The University of Chicago’s Workshop on Science, Technology, Society & the State is hosting a follow-up to last year’s “Anthropology and Counterinsurgency” conference next week. Entitled “Reconsidering American Power“, the conference aims to expand beyond questions related to the militarization of anthropology to consider more generally the relation between the social sciences and the American state.
I’ll be presenting a paper during Friday’s panel session, “Uses and Abuses of Social Sciences: Disciplines of and for What?” Entitled “Are We Ready Yet for Action Anthropology?”, my paper is intended to counter arguments that anthropologists’ refusal to cooperate with military and intelligence efforts like HTS, PRISP, and the Minerva Consortium necessarily condemns anthropology to irrelevance. My hope is that by examining the model of action anthropology, which has gained little traction in academic anthropology in the 50 years since Sol Tax and his students proposed it, a way of meaningfully engaging contemporary issues might emerge that avoids the troubling issues raised by direct subordination to military and intelligence agencies.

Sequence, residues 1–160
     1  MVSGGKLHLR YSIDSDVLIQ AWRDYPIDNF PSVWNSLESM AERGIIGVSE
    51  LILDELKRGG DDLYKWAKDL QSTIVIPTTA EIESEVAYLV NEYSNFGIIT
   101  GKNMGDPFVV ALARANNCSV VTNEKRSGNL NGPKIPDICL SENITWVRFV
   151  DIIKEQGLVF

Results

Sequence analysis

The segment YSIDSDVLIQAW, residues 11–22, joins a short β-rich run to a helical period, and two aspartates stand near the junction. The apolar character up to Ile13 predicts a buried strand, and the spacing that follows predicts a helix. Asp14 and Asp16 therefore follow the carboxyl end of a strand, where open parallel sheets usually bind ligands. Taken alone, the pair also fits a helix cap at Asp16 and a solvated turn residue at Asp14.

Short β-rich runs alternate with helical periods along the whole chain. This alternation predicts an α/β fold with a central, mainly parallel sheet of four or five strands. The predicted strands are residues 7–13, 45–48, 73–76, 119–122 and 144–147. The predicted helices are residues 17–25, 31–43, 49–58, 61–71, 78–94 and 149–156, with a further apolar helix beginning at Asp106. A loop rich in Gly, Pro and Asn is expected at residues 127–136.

Other participants include David Price, Catherine Lutz, Hugh Gusterson, Jeff Bennett, Robert Vitalis, Matthew Sparke, Sean Mitchell, Kevin Caffrey, Amahl Bishara, Rochelle Davis, Roberto Gonzalez, Keith Brown, Chris Nelson, and a variety of U of Chicago folks from anthropology and the other social sciences, including honorary Savage Mindster Marshall Sahlins. (Note: I’m listed as “editor” of Savage Minds, a title I neither asked for nor knew was being ascribed to me! I’m also listed as an “independent researcher”, despite my 6 years affiliation with the College of Southern Nevada…)
On a related note, the paper I presented last year will be out early 2010 from University of Chicago Press in a collected volume of essays from the conference. (Can we talk some time about academic publishers demanding all copyrights? For free?) As far as I know, the book will be titled following the conference, that is Anthropology and Counterinsurgency. Look for it in an academic bookstore near you!